It could be just abandoned, an eerie Marie Celeste movie set of their lives. Or ransacked, had at by whatever tossers had figured out there was no one to object to the liberation of the computer or the television or the gaming consoles. It was also possible - maybe even more likely, if he was brutally honest with himself - that he was going home to something a little more Hellraiser than Twilight Zone, and he shuddered inadvertently as he though of some of the things he'd heard about his aunt's favorite games.

Dennis would be staying in the cab. The cabbie would still be there, so he wouldn't be alone, and if someone was going to find Mum and Dad like that, it sure as hell didn't need to be anyone but him.

"Colin? Colin wake up, we're here." He opened his eyes, blinking in a moment's disorientation before he recognized the familiar surroundings of his neighborhood. It seemed like it hadn't been long enough, but maybe he had dozed off a little, or maybe time was just weird right now, relative like Einstein had said. Something about a minute with a beautiful woman or a minute on hot coals…or thinking about finding your parents' dismembered corpses artistically arranged around the living room.

Dennis was already getting out, but Colin grabbed the back of his robes, yanking him down. "Stay here."

"But -"

"STAY. HERE." He had never used that tone with his brother - with anyone - before, and normally the look of hurt and shock would have made him feel guilty, but he was too carefully not feeling anything right now, too carefully not panicking at the state of the front lawn, at the lack of tire tracks in the mud in front of the garage. Colin pulled out his wallet, snatching out another twenty and tossing it onto the front seat. "Wait for me."

If the cabbie said anything, he didn't notice, already shutting the door behind him. He took a deep breath, closing his eyes for a moment to center himself. Their lives depended on an absolutely Vulcan state of rationality right now. Don't panic. The familiar, droll instructions made the slightest bit of a smile come to his mouth, and he opened his eyes, squaring his shoulders. No bulldozers, at least. Could be worse. You can do this.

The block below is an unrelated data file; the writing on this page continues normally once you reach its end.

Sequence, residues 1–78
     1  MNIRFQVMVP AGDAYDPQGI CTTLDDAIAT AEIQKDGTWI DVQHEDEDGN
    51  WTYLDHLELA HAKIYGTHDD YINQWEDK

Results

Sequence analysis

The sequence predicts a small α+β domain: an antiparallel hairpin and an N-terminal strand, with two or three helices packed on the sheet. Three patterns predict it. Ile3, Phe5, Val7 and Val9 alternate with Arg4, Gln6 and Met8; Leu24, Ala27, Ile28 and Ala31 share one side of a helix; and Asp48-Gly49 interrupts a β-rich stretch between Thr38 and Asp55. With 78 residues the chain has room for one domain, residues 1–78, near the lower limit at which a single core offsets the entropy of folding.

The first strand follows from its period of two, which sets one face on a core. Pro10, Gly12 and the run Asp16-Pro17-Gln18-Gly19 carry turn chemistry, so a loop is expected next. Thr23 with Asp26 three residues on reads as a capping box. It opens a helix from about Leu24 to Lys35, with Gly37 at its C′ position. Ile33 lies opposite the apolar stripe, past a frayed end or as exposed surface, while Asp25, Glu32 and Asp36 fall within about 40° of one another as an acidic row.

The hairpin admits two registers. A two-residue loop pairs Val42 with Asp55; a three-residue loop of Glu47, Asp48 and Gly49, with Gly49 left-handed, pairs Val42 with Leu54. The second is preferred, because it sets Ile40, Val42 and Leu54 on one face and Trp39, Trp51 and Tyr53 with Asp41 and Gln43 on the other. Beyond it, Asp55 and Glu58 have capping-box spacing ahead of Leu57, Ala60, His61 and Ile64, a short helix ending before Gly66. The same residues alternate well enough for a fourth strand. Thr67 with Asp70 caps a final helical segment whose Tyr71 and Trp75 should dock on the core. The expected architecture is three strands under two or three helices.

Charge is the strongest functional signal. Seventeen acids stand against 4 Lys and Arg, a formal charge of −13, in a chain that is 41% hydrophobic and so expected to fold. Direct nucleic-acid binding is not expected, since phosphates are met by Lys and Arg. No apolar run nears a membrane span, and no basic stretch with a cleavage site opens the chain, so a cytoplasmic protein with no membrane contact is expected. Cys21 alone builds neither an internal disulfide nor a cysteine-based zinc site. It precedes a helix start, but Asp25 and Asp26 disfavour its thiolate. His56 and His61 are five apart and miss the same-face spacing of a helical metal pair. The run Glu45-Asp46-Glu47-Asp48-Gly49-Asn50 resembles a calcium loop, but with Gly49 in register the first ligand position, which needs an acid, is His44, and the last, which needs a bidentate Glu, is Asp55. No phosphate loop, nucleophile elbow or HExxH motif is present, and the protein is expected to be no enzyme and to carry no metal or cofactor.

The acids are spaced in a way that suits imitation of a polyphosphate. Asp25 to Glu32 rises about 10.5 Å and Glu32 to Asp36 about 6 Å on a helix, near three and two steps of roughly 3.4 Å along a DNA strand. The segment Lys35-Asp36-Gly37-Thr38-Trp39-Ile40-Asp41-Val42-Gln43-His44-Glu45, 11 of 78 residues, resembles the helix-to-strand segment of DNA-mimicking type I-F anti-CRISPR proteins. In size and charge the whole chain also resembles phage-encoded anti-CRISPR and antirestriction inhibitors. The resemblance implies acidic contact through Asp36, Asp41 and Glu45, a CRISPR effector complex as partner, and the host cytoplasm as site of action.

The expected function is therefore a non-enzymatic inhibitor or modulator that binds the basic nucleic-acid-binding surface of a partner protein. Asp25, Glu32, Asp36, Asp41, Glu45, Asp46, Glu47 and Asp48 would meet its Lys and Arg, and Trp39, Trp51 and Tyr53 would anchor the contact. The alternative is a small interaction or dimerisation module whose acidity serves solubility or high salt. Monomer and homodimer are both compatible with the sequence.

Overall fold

The door was locked, of course, and no one answered either the doorbell nor knocking, but the spare key was still under the Tardis in the front garden, and it still fit the lock. Which meant, at least, that it hadn't been so long that the bank had gotten the house and changed the locks, but it also meant that whatever he was going to find had probably not been disturbed since it had happened. Feeling Dennis' eyes on him from the waiting cab like a physical burn in the back of his shoulders, he opened the door and stepped inside.

The smell. Oh, God, the smell.

Colin fell to his knees before the door had even shut behind him, gagging desperately. It was like being punched in the face, this horrible, unholy reek, and he panted through his mouth, trying not to choke on it, trying not to smell it, but it was thick enough to taste, filling his lungs, his entire body, and he barely managed to grab the bucket they used for umbrellas before he lost the fight with his stomach. He had never vomited so hard in his life; deep, heaving waves that clenched his gut and burned his throat long after it was empty, leaving him shaking, eyes watering, trying not to cry at the loss of one control that was so precariously close to taking all the others with it.

But the clock was running, and not just the one on the meter outside. He didn't know if entering the house would have alerted anyone, and he forced himself to his feet. The dry heaves were still making him walk doubled-over like an old man, one sleeve clutched over his face as much to catch anything that might still be coming up as to pretend anything could ward off the stink that was now mixed even more terribly with the sour bite of sick.

Vulcan, he had to be Vulcan about this, but it was strangely easier than he'd thought as he made his way down the front hall and into the living room. Part of him knew it was shock, but he wasn't going to nitpick right now, because anything that made this all unfold around him from this kind of strange distance was a welcome friend indeed.

No scene of carnage in the living room, but the noise he had assumed at first to be an appliance left running or static on the television was nothing mechanical at all. It was flies, tens of thousands of them, covering every surface and rising like a plague to swirl through the air when he disturbed them by entering the room. The mold-covered, fallen-apart remains of what had once been Chinese take-away on the table. The lights on the VCR were out. He tested the switch. No power. More than thirty days, then, but less than ninety.

The kitchen was worse. The loss of power had meant all the food in the fridge had spoiled, and though he didn't dare open the door, a thick brown sludge of rotted stuff had oozed out the bottom, and it was writhing white with maggots that would soon turn into more of the fat, iridescent bastard cousins that were all over the counters, the dishes crusted in the bracken water of the sink, the white-haired bowl of used to be bananas.